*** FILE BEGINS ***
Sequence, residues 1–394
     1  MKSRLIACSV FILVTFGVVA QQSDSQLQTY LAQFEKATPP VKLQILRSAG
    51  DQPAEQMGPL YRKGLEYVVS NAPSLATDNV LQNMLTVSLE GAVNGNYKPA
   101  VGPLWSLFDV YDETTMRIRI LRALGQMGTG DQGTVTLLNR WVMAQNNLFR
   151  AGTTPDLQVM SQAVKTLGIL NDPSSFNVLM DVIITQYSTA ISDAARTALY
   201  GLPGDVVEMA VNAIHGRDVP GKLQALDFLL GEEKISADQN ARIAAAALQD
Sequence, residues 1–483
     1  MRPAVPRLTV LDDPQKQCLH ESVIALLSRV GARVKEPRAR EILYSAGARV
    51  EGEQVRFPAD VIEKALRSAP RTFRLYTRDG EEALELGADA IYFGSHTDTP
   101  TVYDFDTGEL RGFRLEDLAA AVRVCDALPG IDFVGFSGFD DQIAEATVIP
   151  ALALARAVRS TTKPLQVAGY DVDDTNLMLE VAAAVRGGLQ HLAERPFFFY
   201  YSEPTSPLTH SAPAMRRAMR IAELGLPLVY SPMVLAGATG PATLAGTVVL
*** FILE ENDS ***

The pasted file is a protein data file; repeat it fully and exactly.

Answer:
Sequence, residues 1–394
     1  MKSRLIACSV FILVTFGVVA QQSDSQLQTY LAQFEKATPP VKLQILRSAG
    51  DQPAEQMGPL YRKGLEYVVS NAPSLATDNV LQNMLTVSLE GAVNGNYKPA
   101  VGPLWSLFDV YDETTMRIRI LRALGQMGTG DQGTVTLLNR WVMAQNNLFR
   151  AGTTPDLQVM SQAVKTLGIL NDPSSFNVLM DVIITQYSTA ISDAARTALY
   201  GLPGDVVEMA VNAIHGRDVP GKLQALDFLL GEEKISADQN ARIAAAALQD
Sequence, residues 1–483
     1  MRPAVPRLTV LDDPQKQCLH ESVIALLSRV GARVKEPRAR EILYSAGARV
    51  EGEQVRFPAD VIEKALRSAP RTFRLYTRDG EEALELGADA IYFGSHTDTP
   101  TVYDFDTGEL RGFRLEDLAA AVRVCDALPG IDFVGFSGFD DQIAEATVIP
   151  ALALARAVRS TTKPLQVAGY DVDDTNLMLE VAAAVRGGLQ HLAERPFFFY
   201  YSEPTSPLTH SAPAMRRAMR IAELGLPLVY SPMVLAGATG PATLAGTVVL